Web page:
When you need to refill a hot saw with gasoline, let the engine cool down for a few minutes before pouring in the gas to avoid a fire or explosion.
Never operate a chainsaw while standing on a ladder.
How to Maintain Your Chainsaw
While accidents can happen and are unforeseeable, another way to avoid a chainsaw safety incident is to keep the tool maintained and running smoothly. Because of their mechanical parts, chainsaws are susceptible to problems caused by regular use, poor maintenance, as well as dust and debris accumulation. View these steps for proper chainsaw maintenance, to help keep your chainsaw safe and efficient.
Step 1: Clean Your Chainsaw
Wipe the chainsaw down with a rag after every use and before storing it away. Do a deep cleaning periodically with a damp cloth. Get into exhausts, intakes and other hard-to-clean areas by using cotton swabs, lightly swabbed with machine oil.
Use an air compressor or a can of compressed air to blow air into vents and crevices to remove dirt and dust from inside the saw.
Step 2: Inspect Your Chainsaw
Routinely inspect the chainsaw for damage or wear. Pay attention to how the saw runs, and look and listen for any strange noises or other indications that something isn't working correctly. Be sure that screws, bolts, etc. are tightened securely. Pay particular attention to the chain. A damaged or loose chain can derail or break and come back at the user and cause severe injury. Likewise, a chain with bent, dull or broken teeth can be a kickback hazard as well. Always keep the chain sharp and in proper working condition.
Step 3: Sharpen Your Chainsaw
To sharpen the chain, hold the saw in place with a vise so that it will not move around. Activate the chain brake. You can then sharpen the cutting teeth with a file. Attach a sharpening guide to the bar (the part of the blade around which the chain moves). Double-check that you have the correct file size for your chain's teeth. Insert the file into the guide and sharpen each tooth with an even, forward stroke. You should be able to sharpen your chain's teeth several times before the chain needs replacement.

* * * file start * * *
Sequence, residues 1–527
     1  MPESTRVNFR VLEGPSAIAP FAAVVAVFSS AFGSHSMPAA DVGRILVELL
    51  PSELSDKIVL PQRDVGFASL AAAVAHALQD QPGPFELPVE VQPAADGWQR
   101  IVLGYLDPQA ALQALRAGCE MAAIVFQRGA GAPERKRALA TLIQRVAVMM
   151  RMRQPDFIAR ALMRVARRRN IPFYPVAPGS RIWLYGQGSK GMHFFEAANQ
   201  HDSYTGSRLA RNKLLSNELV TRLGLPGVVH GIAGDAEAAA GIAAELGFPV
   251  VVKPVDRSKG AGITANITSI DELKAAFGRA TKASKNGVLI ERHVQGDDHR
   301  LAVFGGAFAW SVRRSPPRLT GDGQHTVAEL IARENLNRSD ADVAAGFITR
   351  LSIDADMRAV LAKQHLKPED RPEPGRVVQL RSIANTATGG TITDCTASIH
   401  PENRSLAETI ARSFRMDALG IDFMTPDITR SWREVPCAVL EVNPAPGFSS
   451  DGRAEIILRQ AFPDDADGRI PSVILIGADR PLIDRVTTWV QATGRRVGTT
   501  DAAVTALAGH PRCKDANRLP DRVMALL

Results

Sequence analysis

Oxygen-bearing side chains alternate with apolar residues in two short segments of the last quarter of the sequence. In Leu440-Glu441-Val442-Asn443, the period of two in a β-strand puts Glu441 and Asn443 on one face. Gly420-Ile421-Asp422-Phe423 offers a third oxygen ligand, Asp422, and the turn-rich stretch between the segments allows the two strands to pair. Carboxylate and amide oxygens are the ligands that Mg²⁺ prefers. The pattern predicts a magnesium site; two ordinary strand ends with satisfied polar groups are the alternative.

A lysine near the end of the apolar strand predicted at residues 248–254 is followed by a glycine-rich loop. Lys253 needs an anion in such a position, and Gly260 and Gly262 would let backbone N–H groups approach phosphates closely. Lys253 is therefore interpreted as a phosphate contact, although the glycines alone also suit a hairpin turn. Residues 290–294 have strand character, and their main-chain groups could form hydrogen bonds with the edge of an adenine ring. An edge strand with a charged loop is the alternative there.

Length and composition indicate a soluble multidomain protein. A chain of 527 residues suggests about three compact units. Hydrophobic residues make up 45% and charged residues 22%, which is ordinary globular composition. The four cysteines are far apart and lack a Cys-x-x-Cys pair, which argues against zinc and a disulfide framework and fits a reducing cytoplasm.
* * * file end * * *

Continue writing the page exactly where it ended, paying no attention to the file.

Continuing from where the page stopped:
Replace the chain if it is heavily worn or if any teeth seem compromised. Be sure the new chain is properly matched to the guide bar and the saw. Your chainsaw's manufacturer will specify which chains will work. You can also ask an expert at your local True Value hardware store. To replace the chain, follow the chainsaw's manufacturer instructions carefully. A loose chain can become dangerous. Generally, you will remove the bar to put the new chain in place. You should be able to pull the chain up about a ¼" from the bar if the chain is on correctly.
Step 4: Oil Your Chainsaw
Gas-powered chainsaws have a 2-stroke engine that requires approximately 2 to 5% oil in the fuel used to power them. Be sure you get the right type of oil to add to your gasoline. Ask an expert at your local True Value hardware store if you need help. You must also buy chain or bar oil with which to lubricate the saw's bar and chain. This keeps the saw operating and cutting efficiently and safely. It must be reapplied periodically because it flies off of the chain and bar during use and is also removed by actual cutting. A good rule of thumb is to use chain and bar oil when you refuel the saw.
Step 5: Store Your Chainsaw Properly
Keep the saw protected from dust, moisture and other adverse conditions by storing it properly after use. Invest in a blade scabbard to keep the blade protected and then stow it away in a storage drawer or tool locker, preferably in a garage or basement with a moderately controlled climate.
Keep the instruction manual. It is provided to you by the manufacturer so that you can safely and competently operate your chainsaw. It also has valuable information on how to care for the saw, find replacement parts and other important pieces of information. Keep the manual either in a toolbox drawer or a cabinet in your workspace/storage area so that it is readily available.
That's it! You now know how to safely use and maintain your chainsaw.